Two candidates are from Lowndes County:
Sam Adcock is a 53-year old Columbus businessman. Until recently he was General Manager of the Eurocopter Corporation manufacturing plant in Columbus and a vice-president of the corporation. Adcock holds a master’s degree from the Graduate School of International and Public Affairs at the University of Pittsburg. He worked for the U.S. Navy, as a civilian, serving as a supervisor of shipbuilding. An old Washington hand, he was legislative director for then Senate Majority Leader Trent Lott and a member of the Defense Science Board. Adcock has also worked on government affairs for Daimler-Benz. Adcock has raised $185,000 for his campaign, $65,000 from individuals contributions and $120,000 in loans.
Boyce Adams, Jr. of Columbus, at 29 years of age, is the youngest candidate seeking the First District Congressional seat. He is a graduate of Vanderbilt University, and after graduation worked as an intern in the Office of Presidential Personnel during the George W. Bush administration. Later he was an assistant to the administrator of the Federal Aviation Administration. He returned to Mississippi and joined BankTEL, a company founded by his father Boyce Adams, Sr. In 2011 the younger Adams ran against incumbent Democrat Brandon Presley for Northern District Public Service Commissioner. Presley defeated Adams, 55.8% to 44.2%. Adams, Jr. is vice-president for Marketing and Sales for BankTEL and founded a new entity, TheBiz, in October of 2014, which is apparently a component of BankTEL. Adams has raised $228,000 in campaign money, $78,000 in individual contributions and $165,000 in loans.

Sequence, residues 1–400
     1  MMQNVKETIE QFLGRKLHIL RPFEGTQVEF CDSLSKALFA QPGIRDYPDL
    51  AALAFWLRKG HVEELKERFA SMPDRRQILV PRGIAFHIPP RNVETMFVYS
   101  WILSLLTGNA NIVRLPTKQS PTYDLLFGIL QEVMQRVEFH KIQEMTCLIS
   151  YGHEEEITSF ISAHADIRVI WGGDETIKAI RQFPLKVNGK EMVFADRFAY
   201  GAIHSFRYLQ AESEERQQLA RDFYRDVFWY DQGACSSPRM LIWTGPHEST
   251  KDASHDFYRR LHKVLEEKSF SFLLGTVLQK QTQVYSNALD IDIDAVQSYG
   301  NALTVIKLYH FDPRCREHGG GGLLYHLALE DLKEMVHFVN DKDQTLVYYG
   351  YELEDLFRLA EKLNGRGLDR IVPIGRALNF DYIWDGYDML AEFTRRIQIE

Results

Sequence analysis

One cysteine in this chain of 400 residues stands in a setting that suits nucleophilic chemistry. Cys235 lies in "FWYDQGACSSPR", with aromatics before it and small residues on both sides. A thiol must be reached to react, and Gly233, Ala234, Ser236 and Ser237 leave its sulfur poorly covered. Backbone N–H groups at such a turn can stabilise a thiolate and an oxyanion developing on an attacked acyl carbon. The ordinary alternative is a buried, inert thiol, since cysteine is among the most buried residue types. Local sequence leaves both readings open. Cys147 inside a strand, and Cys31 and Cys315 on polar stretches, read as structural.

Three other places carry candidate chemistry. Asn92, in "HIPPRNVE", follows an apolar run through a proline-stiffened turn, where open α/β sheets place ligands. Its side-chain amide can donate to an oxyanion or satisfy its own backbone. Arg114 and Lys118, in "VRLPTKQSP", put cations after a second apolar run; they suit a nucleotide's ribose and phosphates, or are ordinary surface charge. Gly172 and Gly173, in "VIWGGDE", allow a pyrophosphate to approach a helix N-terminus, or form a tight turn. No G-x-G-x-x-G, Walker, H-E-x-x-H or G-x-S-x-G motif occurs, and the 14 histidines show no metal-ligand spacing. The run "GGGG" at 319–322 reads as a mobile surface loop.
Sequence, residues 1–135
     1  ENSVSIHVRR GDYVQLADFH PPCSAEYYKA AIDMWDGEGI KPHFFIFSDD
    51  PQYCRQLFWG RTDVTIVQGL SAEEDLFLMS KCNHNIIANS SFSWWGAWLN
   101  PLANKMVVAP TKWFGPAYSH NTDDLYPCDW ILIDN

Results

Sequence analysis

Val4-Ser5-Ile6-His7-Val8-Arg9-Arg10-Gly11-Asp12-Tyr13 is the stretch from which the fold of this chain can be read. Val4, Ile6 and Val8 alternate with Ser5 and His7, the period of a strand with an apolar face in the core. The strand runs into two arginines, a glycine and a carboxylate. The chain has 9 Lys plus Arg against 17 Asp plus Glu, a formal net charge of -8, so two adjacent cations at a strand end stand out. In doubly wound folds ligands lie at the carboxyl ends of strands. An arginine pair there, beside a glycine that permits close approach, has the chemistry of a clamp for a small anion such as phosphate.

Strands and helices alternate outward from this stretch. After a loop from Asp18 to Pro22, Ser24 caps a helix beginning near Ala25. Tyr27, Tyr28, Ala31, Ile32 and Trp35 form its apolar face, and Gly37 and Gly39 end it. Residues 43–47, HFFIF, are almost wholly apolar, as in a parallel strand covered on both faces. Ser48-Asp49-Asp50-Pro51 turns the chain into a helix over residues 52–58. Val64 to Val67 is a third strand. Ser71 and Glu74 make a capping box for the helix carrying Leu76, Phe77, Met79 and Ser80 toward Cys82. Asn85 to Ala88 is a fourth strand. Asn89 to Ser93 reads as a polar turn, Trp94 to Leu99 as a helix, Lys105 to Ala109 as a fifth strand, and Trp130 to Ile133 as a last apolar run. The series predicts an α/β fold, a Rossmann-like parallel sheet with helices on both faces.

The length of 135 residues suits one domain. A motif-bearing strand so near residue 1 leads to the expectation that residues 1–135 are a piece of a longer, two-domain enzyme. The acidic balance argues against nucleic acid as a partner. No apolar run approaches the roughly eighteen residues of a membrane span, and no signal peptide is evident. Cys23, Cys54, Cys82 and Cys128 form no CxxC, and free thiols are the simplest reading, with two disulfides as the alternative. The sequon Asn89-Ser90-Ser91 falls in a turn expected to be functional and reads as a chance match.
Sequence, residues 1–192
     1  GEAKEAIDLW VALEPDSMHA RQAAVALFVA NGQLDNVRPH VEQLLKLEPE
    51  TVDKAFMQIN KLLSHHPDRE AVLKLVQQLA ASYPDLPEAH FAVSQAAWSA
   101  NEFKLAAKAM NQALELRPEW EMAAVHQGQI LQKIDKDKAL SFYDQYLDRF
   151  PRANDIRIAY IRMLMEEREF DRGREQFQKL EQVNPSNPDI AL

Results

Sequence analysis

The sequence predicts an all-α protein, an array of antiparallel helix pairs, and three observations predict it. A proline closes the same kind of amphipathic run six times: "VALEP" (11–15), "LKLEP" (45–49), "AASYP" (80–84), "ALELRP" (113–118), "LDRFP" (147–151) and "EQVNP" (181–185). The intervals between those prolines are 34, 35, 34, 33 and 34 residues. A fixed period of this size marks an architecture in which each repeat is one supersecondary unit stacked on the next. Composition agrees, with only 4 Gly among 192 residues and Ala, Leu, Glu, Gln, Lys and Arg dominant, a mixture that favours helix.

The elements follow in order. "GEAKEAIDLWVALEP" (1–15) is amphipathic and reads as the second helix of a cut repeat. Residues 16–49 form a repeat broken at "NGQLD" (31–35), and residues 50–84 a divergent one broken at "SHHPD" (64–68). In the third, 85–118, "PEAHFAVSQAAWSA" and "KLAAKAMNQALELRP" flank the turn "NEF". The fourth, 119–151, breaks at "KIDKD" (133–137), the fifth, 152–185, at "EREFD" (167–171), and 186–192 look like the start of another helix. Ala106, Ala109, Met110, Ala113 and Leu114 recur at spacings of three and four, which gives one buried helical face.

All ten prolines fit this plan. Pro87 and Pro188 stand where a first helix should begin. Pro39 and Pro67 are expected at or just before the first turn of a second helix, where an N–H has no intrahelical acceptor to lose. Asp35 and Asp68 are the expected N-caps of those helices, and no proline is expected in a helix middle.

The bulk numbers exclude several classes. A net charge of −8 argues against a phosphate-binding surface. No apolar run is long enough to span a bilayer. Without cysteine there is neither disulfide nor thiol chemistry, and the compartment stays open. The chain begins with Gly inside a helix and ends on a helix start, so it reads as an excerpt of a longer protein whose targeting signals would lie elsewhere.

Most of the congressional candidates have agreed to appear for a debate at a Town Hall meeting in the circuit court room of the Union County Courthouse in New Albany on the evening of Tuesday, May 5th, one week before the special election.